Posted By BigMacKrell
Posted on: March 25, 2014
Posted in: Code Cracking 101
Tags: Caesar Cipher, Gravity Falls, gravity falls code, gravity falls decoded, gravity falls mystery, gravity falls secrets, Gravity Falls TV show, how does a cipher work, how to decode a message, how to decode Gravity Falls, how to decode with a caesar cipher, secret society, substitution shift cipher, The Royal Order of the Holy Mackerel, Three Letters Back, what is a cipher
Welcome brothers and sisters of the Royal Order of the Holy Mackerel to the first episode of the miniseries, Code Cracking 101!
In this lesson I explain what a cipher is, what a Caesar Cipher is, and how to use one to decipher Alex Hirsch’s “Three Letters Back” code!
Since I first launched the video meetings of the Royal Order of the Holy Mackerel and opened our ranks to all who wished to join, I have been flooded with pleas for help with the Trial of Membership. You see, in order to become a full card-carrying member of the Royal Order you need to not only be knowledgeable about Gravity Falls – you must also be adept in code cracking.
It’s easy to assume that most everyone has come across basic substitution code deciphering from an early age. I know that I grew up with my fair share of spy kits and cereal box decoders – but that just doesn’t seem to be the case anymore. Basic code cracking skills have seemingly disappeared from the lexicon.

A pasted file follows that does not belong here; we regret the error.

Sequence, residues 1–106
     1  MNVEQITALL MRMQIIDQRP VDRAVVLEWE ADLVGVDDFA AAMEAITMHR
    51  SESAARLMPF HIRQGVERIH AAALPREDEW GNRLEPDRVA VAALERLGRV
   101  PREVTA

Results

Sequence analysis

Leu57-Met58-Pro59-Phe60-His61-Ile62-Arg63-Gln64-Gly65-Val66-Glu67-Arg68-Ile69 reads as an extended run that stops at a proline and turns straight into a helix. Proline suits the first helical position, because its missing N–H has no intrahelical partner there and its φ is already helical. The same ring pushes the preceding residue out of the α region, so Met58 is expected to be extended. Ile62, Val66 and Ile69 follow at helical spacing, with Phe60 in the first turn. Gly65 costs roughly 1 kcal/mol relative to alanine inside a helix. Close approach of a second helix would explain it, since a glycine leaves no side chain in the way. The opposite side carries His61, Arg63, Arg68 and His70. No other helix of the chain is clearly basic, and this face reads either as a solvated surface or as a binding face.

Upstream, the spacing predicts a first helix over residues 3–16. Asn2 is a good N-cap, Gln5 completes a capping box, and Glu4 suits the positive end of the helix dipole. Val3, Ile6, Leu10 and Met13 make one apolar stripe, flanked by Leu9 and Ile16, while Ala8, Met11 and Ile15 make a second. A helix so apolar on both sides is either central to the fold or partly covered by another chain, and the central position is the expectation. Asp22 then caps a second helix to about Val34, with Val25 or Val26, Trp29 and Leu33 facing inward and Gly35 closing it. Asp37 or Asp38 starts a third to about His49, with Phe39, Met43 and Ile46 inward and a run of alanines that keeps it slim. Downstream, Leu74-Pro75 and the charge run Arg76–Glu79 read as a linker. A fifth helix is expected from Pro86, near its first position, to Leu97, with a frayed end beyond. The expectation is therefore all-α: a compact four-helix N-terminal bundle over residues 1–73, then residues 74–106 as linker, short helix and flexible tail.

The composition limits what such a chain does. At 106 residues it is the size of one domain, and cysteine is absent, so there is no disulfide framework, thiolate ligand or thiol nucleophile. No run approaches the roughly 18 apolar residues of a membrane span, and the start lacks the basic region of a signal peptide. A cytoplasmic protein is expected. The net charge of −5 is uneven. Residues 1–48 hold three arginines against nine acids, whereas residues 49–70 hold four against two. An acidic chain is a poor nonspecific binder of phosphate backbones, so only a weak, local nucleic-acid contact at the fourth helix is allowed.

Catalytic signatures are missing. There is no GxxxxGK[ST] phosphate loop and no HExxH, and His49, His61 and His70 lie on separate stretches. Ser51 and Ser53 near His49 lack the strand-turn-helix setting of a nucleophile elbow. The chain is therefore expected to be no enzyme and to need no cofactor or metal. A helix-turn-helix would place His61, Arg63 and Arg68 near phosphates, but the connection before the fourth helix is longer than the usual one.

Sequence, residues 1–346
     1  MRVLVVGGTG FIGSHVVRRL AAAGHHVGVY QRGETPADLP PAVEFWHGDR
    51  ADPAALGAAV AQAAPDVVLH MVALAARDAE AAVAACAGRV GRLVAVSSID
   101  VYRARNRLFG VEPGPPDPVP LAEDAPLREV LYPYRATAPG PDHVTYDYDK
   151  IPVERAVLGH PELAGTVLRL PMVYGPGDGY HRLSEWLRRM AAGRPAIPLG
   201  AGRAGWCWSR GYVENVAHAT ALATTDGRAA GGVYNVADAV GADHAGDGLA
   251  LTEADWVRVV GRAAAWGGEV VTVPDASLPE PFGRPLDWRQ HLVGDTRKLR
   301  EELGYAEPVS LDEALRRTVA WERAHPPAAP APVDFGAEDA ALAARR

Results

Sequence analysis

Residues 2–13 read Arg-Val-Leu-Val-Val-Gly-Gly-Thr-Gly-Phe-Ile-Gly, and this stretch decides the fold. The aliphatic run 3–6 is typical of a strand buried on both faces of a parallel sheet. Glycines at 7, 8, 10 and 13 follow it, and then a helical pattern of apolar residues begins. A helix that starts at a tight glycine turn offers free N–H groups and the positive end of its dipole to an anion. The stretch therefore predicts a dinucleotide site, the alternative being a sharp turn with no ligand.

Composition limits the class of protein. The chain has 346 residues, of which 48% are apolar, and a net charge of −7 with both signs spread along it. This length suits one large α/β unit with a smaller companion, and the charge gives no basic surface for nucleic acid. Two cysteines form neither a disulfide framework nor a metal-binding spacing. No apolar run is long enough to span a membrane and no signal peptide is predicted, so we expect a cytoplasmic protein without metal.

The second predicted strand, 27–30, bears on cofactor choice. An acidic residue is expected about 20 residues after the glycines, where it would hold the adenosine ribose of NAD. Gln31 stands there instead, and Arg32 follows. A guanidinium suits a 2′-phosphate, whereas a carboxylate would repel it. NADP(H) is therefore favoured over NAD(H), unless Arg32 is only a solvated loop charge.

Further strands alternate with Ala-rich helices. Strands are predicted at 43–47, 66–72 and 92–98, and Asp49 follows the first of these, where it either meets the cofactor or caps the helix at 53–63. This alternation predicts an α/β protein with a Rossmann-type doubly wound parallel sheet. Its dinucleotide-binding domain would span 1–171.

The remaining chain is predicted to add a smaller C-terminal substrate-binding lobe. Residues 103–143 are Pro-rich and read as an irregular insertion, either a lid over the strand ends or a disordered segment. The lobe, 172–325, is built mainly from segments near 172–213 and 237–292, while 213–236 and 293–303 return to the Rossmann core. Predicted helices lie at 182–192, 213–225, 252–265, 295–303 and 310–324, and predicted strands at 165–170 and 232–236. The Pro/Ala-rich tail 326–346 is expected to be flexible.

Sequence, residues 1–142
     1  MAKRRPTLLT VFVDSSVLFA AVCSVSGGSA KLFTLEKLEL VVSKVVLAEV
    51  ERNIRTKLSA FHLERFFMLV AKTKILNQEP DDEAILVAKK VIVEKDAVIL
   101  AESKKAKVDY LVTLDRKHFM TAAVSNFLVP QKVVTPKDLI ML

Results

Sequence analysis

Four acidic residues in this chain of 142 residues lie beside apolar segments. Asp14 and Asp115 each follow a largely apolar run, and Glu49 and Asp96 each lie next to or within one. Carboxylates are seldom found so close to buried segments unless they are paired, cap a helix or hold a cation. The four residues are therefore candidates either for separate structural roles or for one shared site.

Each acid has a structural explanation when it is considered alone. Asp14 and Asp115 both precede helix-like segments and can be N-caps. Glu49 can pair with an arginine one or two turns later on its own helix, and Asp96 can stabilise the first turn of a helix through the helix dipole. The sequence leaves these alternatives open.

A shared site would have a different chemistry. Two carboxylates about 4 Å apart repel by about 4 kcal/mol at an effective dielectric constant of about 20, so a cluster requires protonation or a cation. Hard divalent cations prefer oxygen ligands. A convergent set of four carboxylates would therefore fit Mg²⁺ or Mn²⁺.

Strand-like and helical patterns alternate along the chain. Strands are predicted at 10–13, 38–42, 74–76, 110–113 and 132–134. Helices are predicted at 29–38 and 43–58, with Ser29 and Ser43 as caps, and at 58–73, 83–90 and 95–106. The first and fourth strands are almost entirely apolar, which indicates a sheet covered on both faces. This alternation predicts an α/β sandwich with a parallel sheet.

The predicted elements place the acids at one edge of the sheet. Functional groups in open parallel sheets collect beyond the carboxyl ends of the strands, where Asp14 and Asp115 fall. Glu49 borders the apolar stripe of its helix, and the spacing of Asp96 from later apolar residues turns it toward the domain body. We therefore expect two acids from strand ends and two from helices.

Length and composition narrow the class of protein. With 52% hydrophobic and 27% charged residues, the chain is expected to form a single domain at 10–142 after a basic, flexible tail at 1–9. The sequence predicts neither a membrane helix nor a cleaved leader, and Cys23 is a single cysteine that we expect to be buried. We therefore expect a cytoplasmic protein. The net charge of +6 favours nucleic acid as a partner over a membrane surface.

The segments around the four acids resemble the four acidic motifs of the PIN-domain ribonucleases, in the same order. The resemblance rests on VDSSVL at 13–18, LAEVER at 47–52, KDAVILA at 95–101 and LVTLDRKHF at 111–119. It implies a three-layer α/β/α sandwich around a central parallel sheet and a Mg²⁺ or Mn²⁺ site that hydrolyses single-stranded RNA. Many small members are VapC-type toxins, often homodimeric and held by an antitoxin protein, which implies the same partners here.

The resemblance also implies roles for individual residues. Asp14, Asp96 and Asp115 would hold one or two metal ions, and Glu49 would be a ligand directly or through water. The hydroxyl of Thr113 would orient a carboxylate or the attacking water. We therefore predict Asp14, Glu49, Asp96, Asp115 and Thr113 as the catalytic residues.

So, in an attempt to teach the basics to those who have had no experience at all with deciphering secret messages, I have launched Code Cracking 101 – a new miniseries to walk viewers through the various codes and ciphers used in Gravity Falls and the Royal Order of the Holy Mackerel!
Before you can begin decoding messages, you first need to know what a cipher is. A cipher is a method by which you can change a message (encode) that can also be used in the same way to change the message back (decode). A cipher can take the form of a tool for someone to use to decode a message quickly, but what’s important to remember about ciphers is that they’re standard. Anyone who knows the method can decode or encode a message with it.
The Caesar Cipher gets it’s name from Emperor Julius Caesar, who used this cipher to encode messages sent between his commanding officers. He devised a substitution shift cipher – a code that replaces each letter of a written word with something else (in this case, another letter) which could be decoded by shifting two interlocking disks. Each disk of the Caesar Cipher has the alphabet (in alphabetical order) written on it, and requires a “key” in order to work. A number which accompanied the message to let the decoder know how many letter to shift the disk backwards by.
So download the FREE “three letters back” Caesar Cipher I’ve created for the Royal Order of the Holy Mackerel (Click the image below to save and print), and start decoding the messages hidden through Gravity Falls. You can also use that disk to easily decode the riddle of the Trial of Membership!
As you can see, decoding messages isn’t impossible once you know the basics.